The court agreed Monday to hear an appeal filed by an Arkansas shoe factory worker who had cancer and claimed that her employer wrongly refused to grant her a 12-week leave under the 1993 Family and Medical Leave Act.
The employer, Wolverine Worldwide Inc., convinced lower courts that it had already given the employee, Tracy Ragsdale, a more generous leave package than the law required, according to the Associated Press.
Ragsdale claims she should not have been forced to exhaust her other leave before qualifying for the government's 12 weeks.
In taking on the case, the Supreme Court will be judging the validity of Labor Department regulations concerning the relationship between employer-granted leave and the guaranteed leave.
The regulations say that unless the employer acts up front to say that its own company-granted leave satisfies the federal guarantee, the 12-week period does not begin.
The 8th U.S. Circuit Court of Appeals deemed the regulation invalid on grounds that it went beyond the scope of FMLA.
Lawyers for Wolverine called the Labor Department regulations punitive and unfair to employers, and urged the Supreme Court to leave the lower appeals court ruling in place.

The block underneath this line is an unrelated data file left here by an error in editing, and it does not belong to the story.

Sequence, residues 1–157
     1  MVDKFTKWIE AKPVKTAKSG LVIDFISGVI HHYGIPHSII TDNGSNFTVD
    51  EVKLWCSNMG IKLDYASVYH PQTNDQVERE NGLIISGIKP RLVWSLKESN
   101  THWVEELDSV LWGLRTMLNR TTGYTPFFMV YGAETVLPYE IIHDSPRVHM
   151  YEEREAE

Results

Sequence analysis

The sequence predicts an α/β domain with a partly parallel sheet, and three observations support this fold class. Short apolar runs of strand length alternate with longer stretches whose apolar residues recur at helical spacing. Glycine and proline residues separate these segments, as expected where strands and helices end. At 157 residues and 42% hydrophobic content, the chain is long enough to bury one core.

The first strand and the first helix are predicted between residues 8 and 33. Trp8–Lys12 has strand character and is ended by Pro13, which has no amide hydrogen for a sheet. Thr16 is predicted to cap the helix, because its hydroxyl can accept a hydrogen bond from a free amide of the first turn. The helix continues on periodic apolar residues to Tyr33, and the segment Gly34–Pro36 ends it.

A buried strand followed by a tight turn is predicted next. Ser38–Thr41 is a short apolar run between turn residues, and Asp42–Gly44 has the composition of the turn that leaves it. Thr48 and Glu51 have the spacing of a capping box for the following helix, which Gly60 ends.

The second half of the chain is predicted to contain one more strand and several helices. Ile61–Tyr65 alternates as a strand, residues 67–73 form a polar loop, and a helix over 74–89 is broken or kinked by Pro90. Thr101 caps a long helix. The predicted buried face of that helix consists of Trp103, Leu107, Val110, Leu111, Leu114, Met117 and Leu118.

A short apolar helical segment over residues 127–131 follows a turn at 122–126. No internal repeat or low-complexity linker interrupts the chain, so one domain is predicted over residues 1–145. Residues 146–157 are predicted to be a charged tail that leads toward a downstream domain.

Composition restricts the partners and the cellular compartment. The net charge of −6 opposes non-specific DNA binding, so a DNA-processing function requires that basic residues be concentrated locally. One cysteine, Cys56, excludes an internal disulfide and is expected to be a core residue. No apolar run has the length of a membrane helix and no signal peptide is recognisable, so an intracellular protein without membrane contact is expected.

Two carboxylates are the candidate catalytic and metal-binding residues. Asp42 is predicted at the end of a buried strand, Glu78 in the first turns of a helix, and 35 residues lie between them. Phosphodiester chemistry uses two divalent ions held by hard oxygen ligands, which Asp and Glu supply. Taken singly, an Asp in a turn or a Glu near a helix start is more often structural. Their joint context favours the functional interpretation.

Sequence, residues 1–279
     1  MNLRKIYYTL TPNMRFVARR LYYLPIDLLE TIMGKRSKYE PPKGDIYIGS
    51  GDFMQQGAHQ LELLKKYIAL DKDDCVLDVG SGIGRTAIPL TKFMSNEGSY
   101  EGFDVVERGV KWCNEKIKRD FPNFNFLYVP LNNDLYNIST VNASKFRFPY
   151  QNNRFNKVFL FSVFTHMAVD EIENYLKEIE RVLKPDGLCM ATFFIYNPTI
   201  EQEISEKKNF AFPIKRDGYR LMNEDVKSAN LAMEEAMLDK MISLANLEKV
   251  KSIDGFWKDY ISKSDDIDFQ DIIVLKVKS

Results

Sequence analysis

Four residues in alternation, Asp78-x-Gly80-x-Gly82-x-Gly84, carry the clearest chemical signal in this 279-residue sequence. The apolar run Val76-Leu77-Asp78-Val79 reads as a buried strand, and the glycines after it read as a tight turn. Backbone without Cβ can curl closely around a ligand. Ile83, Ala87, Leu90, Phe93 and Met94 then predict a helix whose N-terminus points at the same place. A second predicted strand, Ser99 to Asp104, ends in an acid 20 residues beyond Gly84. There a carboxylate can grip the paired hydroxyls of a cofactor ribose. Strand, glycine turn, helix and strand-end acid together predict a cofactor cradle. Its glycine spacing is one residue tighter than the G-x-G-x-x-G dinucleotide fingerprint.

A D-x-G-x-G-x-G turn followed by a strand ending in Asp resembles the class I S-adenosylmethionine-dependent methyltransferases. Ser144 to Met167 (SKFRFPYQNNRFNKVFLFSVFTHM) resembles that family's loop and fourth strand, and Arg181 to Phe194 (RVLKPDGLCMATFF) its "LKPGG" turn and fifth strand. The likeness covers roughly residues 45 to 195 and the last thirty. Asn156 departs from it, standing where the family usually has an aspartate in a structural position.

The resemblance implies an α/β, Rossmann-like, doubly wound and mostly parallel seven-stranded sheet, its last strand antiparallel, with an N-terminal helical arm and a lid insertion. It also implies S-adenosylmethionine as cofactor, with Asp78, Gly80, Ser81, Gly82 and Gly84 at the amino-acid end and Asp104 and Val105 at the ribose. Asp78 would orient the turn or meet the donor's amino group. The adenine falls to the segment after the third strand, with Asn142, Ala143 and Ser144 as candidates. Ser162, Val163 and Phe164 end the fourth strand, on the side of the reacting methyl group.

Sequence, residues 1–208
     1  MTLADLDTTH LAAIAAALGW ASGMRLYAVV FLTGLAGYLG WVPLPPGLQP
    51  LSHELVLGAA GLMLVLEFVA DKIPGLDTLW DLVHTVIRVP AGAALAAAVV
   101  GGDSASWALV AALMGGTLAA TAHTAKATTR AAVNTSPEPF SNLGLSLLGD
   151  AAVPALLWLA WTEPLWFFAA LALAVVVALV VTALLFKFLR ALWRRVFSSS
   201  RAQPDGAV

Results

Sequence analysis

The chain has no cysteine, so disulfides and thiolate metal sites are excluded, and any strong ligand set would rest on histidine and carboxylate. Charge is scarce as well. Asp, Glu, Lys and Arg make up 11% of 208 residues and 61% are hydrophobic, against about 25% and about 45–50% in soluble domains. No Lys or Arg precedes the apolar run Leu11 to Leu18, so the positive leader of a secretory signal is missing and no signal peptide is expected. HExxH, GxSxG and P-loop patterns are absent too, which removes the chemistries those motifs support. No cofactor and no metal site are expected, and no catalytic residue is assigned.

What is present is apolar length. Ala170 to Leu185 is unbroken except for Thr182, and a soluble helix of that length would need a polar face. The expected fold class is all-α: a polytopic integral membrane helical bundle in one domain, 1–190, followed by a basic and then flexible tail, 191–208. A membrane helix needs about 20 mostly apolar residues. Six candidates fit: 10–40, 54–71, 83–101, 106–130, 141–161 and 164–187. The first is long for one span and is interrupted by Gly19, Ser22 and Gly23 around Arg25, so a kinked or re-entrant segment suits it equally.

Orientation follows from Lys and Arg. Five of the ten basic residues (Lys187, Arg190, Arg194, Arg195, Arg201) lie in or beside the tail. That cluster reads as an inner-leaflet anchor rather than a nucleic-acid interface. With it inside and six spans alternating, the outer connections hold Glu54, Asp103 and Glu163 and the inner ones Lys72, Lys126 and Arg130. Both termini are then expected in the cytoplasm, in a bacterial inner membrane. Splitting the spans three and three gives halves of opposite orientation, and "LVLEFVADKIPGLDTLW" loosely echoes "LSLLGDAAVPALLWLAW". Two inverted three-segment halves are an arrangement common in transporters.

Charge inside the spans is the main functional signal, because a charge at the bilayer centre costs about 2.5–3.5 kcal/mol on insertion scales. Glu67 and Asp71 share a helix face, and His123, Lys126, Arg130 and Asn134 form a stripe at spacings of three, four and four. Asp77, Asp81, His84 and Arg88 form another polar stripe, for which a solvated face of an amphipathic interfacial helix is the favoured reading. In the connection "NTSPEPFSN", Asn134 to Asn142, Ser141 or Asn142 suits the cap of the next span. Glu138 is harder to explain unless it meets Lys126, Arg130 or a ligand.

"The fact that Ragsdale took seven months of leave, and then brought suit under the (Family and Medical Leave Act) when Wolverine would not give her 12 additional weeks of leave, takes the provision of the statute that claims not to discourage employers from granting generous benefits and stands them on their head," Wolverine argued.
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The Justice Department filed a friend-of-the-court brief defending the regulations. It contended that while employer-granted leave may count against the Family and Medical Leave Act, employers and workers must be clear about that.
"Those requirements impose no onerous burden on the employer," the government said.
The Justice Department went on to say that while the issue is important, Ragsdale's case is not the right case to decide it.
Ragsdale, whose cancer is now in remission, had worked at Wolverine less than a year when she was diagnosed in 1996. She requested and was given an initial leave, plus several extensions, the AP reports.
To view the Associated Press story, click here.
etime next year, the U.S. Supreme Court will clarify how maternity or other medical leave offered by employers counts against the 12-week leave guaranteed by the federal government.